Don't take those eucalyptus trees for granted. They are very much the reason Rancho Santa Fe is here today, historian and cultural landscape specialist Vonn Marie May said.
The Rancho Santa Fe Historical Society will present "Rancho Santa Fe: The Town the Railroad Built," a lecture by May at 4 p.m. July 12 at the Village Community Presbyterian Church.
May's talk will cover the history of how the railroad industry built Rancho Santa Fe. May said she's heard the Santa Fe Land Improvement Co. referred to as a failure - she disagrees.
"It was a noble experiment that failed," May said, noting that without the company peppering the landscape with eucalyptus for railroad ties, there would be no Rancho Santa Fe.
Because of the hardwood timber shortage in the early 1900s, the government was urging companies to plant as much eucalyptus as they could. The Santa Fe Land Improvement Co. took hold of the Rancho San Dieguito land grant in 1906 and planted the trees in a flurry.
"It was a mania," said May of the rush to plant eucalyptus.
The government hadn't tested the eucalyptus at all, basing the use of trees off their success as railroad ties in Australia. It turned out that the reason the trees were successful in Australia is because they were centuries old.
"They figured that out 3.5 million trees later," May said.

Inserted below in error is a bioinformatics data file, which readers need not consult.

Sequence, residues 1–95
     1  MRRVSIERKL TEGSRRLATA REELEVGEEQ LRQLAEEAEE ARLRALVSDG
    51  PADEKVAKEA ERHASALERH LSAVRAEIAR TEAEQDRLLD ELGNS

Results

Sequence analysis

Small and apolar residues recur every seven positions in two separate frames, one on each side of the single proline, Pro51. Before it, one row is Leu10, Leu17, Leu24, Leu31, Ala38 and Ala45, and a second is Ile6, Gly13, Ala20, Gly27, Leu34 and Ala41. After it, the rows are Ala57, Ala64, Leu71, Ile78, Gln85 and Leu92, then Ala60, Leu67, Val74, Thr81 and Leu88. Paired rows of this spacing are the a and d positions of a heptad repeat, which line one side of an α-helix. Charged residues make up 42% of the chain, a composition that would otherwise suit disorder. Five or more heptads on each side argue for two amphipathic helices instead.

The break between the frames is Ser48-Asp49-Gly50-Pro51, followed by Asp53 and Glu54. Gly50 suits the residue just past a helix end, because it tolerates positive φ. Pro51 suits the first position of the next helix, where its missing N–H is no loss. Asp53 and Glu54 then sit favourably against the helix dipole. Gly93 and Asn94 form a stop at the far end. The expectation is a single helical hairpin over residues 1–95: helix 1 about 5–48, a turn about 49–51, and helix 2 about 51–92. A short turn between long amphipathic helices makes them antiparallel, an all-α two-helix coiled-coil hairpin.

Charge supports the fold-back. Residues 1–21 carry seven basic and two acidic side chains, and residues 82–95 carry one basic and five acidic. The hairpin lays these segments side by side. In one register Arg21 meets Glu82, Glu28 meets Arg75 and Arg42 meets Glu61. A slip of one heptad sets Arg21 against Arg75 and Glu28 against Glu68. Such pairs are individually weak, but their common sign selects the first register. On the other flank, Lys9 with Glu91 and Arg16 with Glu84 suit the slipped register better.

The company figured out it was cheaper to use Oregon's Douglas firs but there was still the issue of what to do with this land in California, lush with trees.
May said from 1916 to 1921, the company had no idea what it was going to do with Rancho Santa Fe.
In 1922, it hired the firm Requa and Jackson to design the downtown civic area, bringing a 34-year-old architect named Lilian Rice to the Ranch.
Before the company left in 1928, it hired Charles Chaney to write the Rancho Santa Fe Covenant.
"It was almost as if they were so proud of what they'd done that they didn't want anybody to ruin it," said May of the Covenant.
That Covenant saved Rancho Santa Fe from becoming another sprawling set of subdivisions, May said.
Part of her talk on July 12 will cover how Covenant restrictions are applied today.
"The guidelines were written very well, but they're only as good as the people who administer it," May said.
May just completed a book on Rancho Santa Fe, which should be published in about six months as part of the Arcadia History Images of America series.
The book has some amazing photographs, as the Santa Fe Land Improvement Co. hired an official photographer to document all of its work. There are photos of the origins of the Lake Hodges Dam, a dusty Paseo Delicias and many shots of The Inn at Rancho Santa Fe from when it was known as La Morada, a guest house frequented by prospective investors and movie stars such as Douglas Fairbanks and Mary Pickford.
Photos in the book also reveal a picturesque Ranch life, such as the shot of the village market owner Fred Ashley carrying Connie Clotfleter's groceries to her car in the '50s, something he was known to do for all his clients.
Tickets to the July 12 lecture are $15 for members, $20 nonmembers. For more information, call 756-9291.